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    That starts out seeming like a good idea and just ends up as one hell of a mess. It’s a shame it made it into the standard in this bodgy form.

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      It was actually almost guaranteed to end up like this. After all, the testing ground for c++ (boost) had variant defined exactly like that for years.

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      I used boost::any and all I can say is that it works. This and std::variant are not the prettiest solutions, but because it is in standard, it is better than no solution. I very like simplicity of QVariant from Qt, but syntax for adding custom types leads to the same problems as it is in boost::any. I hope that in a close future, c++ will get real pattern matching syntax and then all explicit conversions to proper type will be only nightmare from the past.

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        So I’ve only spent like two minutes looking, but I think you can also do pattern matching with switch(variant.index()) if you like.

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          That would be non-exhaustive at compile-time

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            What the author’s going for is selecting an alternative and getting the value out should be the same operation, so you can’t hit a runtime type error between checking the alternative and unboxing it.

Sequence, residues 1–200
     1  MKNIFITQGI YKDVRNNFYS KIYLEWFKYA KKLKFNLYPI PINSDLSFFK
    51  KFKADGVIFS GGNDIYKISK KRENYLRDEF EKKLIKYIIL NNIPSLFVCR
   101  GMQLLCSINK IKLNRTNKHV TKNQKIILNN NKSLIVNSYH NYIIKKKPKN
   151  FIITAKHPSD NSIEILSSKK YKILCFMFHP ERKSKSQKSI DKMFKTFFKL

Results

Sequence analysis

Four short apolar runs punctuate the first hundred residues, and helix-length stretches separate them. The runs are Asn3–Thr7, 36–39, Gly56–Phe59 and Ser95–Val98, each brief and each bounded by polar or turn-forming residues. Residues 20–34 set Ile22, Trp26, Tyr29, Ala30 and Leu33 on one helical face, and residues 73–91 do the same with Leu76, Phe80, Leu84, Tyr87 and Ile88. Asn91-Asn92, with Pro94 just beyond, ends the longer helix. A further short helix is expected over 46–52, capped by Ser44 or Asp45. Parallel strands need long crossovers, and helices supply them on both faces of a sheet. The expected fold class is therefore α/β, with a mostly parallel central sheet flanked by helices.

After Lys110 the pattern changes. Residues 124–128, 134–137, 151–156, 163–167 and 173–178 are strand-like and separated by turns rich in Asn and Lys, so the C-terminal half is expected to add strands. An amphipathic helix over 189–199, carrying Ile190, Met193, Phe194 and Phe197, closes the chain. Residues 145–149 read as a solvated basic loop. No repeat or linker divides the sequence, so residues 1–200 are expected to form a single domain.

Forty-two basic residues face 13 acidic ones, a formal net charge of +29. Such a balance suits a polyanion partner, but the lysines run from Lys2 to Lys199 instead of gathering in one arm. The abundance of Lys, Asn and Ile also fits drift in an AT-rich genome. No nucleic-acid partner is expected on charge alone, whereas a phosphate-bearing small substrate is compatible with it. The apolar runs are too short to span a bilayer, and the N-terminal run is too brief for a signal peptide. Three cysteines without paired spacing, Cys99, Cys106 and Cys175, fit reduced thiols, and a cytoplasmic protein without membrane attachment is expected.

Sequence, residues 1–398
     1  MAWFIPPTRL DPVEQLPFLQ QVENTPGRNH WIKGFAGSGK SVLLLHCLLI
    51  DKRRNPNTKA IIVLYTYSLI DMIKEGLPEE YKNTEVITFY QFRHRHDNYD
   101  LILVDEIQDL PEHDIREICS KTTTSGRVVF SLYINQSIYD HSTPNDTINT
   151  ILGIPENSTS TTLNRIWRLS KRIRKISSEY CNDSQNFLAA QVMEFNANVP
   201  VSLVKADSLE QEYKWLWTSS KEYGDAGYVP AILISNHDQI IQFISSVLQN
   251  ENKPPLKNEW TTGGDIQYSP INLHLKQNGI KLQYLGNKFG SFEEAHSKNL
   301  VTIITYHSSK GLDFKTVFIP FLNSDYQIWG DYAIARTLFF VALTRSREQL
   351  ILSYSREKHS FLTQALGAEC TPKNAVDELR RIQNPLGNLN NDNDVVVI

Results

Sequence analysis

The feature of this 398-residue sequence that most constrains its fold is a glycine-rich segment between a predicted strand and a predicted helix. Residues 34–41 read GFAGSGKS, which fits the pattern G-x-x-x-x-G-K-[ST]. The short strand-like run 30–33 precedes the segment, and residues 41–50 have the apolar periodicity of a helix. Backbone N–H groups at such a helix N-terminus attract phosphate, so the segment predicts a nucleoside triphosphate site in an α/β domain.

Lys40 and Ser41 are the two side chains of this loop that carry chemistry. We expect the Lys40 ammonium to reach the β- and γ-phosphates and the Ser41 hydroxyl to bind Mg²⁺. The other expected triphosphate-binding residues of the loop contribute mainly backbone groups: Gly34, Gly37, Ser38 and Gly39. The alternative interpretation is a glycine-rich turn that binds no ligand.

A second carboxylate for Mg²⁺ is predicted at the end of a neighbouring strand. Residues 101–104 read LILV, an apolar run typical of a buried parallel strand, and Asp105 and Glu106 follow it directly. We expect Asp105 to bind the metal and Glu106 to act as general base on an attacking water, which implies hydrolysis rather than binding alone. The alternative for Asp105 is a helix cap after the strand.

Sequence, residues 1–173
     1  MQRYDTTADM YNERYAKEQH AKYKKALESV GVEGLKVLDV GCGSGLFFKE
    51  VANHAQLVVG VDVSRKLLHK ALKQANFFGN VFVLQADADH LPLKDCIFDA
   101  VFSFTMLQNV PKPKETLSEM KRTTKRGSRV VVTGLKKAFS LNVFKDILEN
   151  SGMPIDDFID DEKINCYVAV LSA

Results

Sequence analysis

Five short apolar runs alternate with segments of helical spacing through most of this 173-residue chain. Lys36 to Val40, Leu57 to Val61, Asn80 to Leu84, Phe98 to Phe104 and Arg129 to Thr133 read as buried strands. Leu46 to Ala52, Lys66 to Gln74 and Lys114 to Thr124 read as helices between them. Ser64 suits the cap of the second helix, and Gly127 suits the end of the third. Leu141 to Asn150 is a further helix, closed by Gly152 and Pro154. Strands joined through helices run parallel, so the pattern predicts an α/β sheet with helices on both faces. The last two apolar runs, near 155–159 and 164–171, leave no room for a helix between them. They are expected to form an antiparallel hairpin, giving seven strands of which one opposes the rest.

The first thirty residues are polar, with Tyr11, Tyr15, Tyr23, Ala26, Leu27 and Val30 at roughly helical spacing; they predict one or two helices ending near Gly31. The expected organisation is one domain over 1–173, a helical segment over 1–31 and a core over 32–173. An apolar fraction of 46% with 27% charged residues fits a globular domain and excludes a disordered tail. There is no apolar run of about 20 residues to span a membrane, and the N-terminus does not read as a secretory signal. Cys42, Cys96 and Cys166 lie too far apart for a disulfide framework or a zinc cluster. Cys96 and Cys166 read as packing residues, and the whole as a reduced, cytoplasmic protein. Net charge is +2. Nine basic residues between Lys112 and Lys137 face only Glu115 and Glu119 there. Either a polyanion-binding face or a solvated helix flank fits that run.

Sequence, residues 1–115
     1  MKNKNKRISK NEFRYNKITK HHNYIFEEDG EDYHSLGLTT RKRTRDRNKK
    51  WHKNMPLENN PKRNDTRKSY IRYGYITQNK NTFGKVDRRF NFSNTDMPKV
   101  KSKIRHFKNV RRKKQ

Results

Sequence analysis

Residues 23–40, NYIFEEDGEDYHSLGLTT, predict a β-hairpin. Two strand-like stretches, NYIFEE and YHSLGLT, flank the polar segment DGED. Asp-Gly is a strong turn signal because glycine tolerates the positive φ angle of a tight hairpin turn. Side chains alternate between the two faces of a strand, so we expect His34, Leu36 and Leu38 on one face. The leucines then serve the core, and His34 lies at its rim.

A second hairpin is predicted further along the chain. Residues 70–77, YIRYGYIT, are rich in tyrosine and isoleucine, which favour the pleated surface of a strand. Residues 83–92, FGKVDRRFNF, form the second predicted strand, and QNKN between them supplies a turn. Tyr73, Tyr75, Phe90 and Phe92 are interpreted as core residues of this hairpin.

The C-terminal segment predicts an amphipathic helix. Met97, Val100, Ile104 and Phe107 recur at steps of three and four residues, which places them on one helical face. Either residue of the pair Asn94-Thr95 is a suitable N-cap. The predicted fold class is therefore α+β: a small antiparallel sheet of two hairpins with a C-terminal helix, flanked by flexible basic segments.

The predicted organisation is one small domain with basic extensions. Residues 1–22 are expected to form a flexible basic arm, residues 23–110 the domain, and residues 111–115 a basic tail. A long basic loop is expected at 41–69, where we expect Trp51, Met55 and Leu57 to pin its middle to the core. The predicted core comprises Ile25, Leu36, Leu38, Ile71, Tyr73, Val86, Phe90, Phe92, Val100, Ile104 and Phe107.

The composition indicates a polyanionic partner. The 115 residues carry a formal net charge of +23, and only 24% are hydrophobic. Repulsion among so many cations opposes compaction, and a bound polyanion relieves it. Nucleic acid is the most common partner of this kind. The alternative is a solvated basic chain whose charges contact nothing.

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              A guarantee that the type won’t change in a concurrent environment is going to require a lot more machinery I think. There’s accessors to get pointers to the value. And in other cases, the value itself may be a pointer. If the type can change at any time, those pointers will invalidated. If you want the borrow checker, it’s over there I guess, but I didn’t really get the sense that the author wants atomic selectors.

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                I was unclear there. By “the same operation,” I just mean that selecting and unboxing shouldn’t be separate points in the code. I’m not about to argue that variant needs to be concurrent.

                What I mean is just that in

                select (boink.index()) {
                case 0: int val = get<0>(boink); 
                    ...
                }
                

                you’re mentioning the index twice, and if you mistype one or the other you’ll only find out at runtime.

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                  Oh, I see. Yeah, you could do switch ((idx = boink.index())) (always another workaround) but it is backtreading.

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              Then you’re writing exactly the same code as you would with a tagged union, except it’s actually worse because you don’t get -Wswitch. (warning: enumeration value ‘ASDF’ not handled in switch [-Wswitch])

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                Well, it’s solve the problem that the tag and the value diverge because you forget to update one. Guess you get to choose which is worse. It seems the return type of index could be an enum (though obviously they didn’t do that). Not sure how much more difficult that would have been.